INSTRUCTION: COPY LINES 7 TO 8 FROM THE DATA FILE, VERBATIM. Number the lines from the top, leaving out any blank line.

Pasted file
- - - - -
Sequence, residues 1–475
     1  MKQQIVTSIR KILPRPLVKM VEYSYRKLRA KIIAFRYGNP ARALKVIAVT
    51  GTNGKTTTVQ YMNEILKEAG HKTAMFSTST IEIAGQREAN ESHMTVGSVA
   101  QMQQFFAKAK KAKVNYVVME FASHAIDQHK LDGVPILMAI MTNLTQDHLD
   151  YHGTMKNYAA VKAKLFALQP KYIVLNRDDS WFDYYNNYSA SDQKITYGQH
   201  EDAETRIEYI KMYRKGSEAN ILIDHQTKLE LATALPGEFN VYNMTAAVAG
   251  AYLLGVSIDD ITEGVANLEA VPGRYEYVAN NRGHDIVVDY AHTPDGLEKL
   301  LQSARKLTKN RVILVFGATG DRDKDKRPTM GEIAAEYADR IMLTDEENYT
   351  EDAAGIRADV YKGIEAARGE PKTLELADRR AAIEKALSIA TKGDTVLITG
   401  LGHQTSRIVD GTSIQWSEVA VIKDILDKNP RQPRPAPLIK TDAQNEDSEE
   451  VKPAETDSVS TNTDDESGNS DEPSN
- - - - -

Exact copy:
   251  AYLLGVSIDD ITEGVANLEA VPGRYEYVAN NRGHDIVVDY AHTPDGLEKL
   301  LQSARKLTKN RVILVFGATG DRDKDKRPTM GEIAAEYADR IMLTDEENYT